The much-feared Pre-Action Protocol (“PAP”) for Debt Claims came into force on 1 October 2017. Were creditors right to fear its introduction? Has it had a huge impact on the recovery of debts from individuals or sole traders?
For those few who may not have not heard of the PAP (where have you been!), it essentially sets out a procedure which any business claiming payment of a debt from an individual (including sole traders) must follow before court proceedings are issued.
The PAP was introduced by Lord Justice Jackson who felt that debtors were not being “fully informed” at the outset of debt claims and could not obtain proper advice.
Pre-Action Protocol summary reminder
In short, the Pre-Action Protocol, amongst other things, obliges creditors pursuing debts from individuals to:
1. Send a more detailed letter before action (LBA) including, amongst other things:
a. A breakdown of the debt
b. The date of the contract with the debtor
c. Details of any assignment of the debt
d. An explanation of how the contract came into being (whether written or verbal) and that a written contract can be provided if requested
e. A Reply Form and Financial Statement Form
2. Allow the debtor 30 days to respond to the LBA before any Court action is taken. However, if the debtor responds to the LBA and sends a completed Reply Form, the creditor should provide the debtor with a further 30 days and if the debtor then requests any documentation another 30 days should be allowed. If a period of negotiation follows the LBA and subsequently no agreement can be reached then the creditor must provide a 14 day period of grace to the debtor before proceedings can be issued.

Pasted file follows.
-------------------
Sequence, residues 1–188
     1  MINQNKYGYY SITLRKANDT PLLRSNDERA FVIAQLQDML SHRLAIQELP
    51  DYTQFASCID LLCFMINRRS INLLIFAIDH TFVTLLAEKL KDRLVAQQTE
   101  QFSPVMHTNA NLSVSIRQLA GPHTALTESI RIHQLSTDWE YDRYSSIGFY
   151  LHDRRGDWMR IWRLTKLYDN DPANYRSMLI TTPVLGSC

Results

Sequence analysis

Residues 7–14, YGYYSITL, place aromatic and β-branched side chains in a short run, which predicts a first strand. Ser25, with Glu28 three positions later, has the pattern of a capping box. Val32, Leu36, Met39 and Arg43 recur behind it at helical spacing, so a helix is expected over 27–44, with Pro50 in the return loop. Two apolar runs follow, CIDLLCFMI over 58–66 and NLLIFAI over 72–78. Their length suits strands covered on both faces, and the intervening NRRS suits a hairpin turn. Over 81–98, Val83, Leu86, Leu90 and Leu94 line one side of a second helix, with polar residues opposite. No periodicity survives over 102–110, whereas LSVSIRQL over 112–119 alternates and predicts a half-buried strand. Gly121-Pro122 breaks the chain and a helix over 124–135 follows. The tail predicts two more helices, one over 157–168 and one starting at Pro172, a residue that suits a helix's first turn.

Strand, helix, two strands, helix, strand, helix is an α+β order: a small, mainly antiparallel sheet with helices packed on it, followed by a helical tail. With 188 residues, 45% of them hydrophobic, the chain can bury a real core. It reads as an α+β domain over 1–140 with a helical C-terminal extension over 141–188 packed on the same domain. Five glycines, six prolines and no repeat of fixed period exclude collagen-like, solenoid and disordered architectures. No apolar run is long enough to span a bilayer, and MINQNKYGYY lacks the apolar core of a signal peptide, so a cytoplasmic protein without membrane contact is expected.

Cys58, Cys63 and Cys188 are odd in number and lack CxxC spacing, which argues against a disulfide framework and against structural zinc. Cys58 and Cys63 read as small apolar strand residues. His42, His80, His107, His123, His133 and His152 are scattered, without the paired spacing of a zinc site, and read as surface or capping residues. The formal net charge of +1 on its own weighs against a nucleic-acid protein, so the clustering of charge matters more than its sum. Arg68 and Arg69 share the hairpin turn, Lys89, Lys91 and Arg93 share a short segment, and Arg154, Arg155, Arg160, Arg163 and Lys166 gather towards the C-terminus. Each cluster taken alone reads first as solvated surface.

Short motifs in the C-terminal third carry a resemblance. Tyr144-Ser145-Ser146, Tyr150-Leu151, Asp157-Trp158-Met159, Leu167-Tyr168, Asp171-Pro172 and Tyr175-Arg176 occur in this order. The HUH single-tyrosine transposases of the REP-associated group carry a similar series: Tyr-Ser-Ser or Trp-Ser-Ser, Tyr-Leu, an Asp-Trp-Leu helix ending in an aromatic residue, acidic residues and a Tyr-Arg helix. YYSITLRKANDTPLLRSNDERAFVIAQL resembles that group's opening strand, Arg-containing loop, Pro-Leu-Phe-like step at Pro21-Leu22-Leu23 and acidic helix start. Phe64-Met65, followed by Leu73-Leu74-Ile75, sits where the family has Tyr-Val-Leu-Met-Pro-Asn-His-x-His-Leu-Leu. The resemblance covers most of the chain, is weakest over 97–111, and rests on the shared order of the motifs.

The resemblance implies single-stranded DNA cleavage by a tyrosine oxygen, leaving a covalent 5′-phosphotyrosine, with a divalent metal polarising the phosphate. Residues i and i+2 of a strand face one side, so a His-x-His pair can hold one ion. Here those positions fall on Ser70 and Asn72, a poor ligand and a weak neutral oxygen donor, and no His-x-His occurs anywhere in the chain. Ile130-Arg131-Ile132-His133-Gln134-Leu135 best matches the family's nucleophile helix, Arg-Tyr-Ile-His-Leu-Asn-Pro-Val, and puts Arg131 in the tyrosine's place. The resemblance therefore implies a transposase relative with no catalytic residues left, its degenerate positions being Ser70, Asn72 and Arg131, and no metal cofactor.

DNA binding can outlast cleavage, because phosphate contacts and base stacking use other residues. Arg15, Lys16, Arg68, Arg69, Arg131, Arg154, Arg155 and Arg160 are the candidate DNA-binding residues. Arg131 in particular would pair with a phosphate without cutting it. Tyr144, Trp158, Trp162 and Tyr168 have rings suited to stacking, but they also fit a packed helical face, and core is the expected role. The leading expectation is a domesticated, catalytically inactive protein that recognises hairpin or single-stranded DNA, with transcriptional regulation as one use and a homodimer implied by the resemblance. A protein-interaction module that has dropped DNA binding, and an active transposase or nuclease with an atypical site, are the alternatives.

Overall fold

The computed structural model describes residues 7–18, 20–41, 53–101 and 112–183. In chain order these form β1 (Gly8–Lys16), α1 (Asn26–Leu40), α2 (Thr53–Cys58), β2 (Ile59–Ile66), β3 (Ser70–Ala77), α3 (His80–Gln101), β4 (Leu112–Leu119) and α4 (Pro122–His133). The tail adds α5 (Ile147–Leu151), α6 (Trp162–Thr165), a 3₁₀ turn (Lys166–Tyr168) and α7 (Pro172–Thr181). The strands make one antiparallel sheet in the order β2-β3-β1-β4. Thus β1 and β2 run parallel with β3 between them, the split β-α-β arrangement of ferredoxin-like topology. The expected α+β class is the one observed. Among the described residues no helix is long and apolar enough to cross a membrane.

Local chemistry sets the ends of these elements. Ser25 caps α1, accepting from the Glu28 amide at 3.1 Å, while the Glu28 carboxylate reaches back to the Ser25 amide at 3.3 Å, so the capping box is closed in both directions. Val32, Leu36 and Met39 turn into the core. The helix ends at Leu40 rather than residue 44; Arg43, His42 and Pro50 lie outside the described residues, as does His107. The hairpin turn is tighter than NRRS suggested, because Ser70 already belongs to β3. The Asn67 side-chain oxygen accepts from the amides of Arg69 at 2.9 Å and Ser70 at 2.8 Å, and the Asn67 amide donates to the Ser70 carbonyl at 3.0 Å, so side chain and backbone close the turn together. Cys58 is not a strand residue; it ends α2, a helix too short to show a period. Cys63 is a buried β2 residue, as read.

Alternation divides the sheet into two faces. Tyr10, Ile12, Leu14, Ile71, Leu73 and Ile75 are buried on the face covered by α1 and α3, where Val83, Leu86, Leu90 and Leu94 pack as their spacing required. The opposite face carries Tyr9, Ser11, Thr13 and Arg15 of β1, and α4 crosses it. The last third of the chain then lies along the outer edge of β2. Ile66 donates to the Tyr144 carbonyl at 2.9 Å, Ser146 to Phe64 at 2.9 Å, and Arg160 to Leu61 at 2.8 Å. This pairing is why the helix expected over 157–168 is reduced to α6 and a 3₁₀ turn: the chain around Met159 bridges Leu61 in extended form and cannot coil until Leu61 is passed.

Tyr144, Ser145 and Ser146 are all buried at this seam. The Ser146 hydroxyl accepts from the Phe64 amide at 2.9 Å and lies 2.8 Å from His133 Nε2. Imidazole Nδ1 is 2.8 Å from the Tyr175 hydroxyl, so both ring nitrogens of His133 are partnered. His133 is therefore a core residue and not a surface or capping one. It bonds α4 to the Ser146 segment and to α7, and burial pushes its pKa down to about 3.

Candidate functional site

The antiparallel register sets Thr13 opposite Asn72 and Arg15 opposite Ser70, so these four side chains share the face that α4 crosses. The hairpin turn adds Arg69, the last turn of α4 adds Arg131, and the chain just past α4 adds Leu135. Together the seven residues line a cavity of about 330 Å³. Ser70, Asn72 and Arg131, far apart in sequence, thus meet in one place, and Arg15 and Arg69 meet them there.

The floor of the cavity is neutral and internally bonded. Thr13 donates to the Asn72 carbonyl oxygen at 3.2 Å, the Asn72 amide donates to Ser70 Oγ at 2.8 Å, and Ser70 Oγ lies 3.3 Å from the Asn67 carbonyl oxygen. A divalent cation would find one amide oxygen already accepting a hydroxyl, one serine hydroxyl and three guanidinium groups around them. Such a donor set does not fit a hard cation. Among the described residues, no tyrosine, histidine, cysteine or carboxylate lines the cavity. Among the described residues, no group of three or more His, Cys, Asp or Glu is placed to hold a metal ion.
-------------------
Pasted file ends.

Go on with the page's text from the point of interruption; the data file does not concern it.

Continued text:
Why were credit professionals concerned?
In the lead up to the introduction of the Pre-Action Protocol, Flint Bishop was invited to present at various credit events across the UK, to discuss the Pre-Action Protocol, its requirements and ways to limit the impact. The reaction at each presentation was the same; credit professionals were confused about the specifics of the PAP and extremely concerned about the potential impact it would have on their processes and their general ability to recover debts, not to mention the increased administration and paper court costs that could be incurred.
Credit Managers were particularly concerned that some debtors would use it as a way to tactically draw out the debt recovery process for as long as possible and that debtors, as part of this process, would request large amounts of information.
Of course, businesses want to recover their debts as quickly and as effectively as possible. They do not want to have to raid their archives or question their sales individuals about how a contract may have been created (particularly where a contract was created years previously).
So has the Pre-Action Protocol had a detrimental effect on the recovery of debts against individuals and sole traders?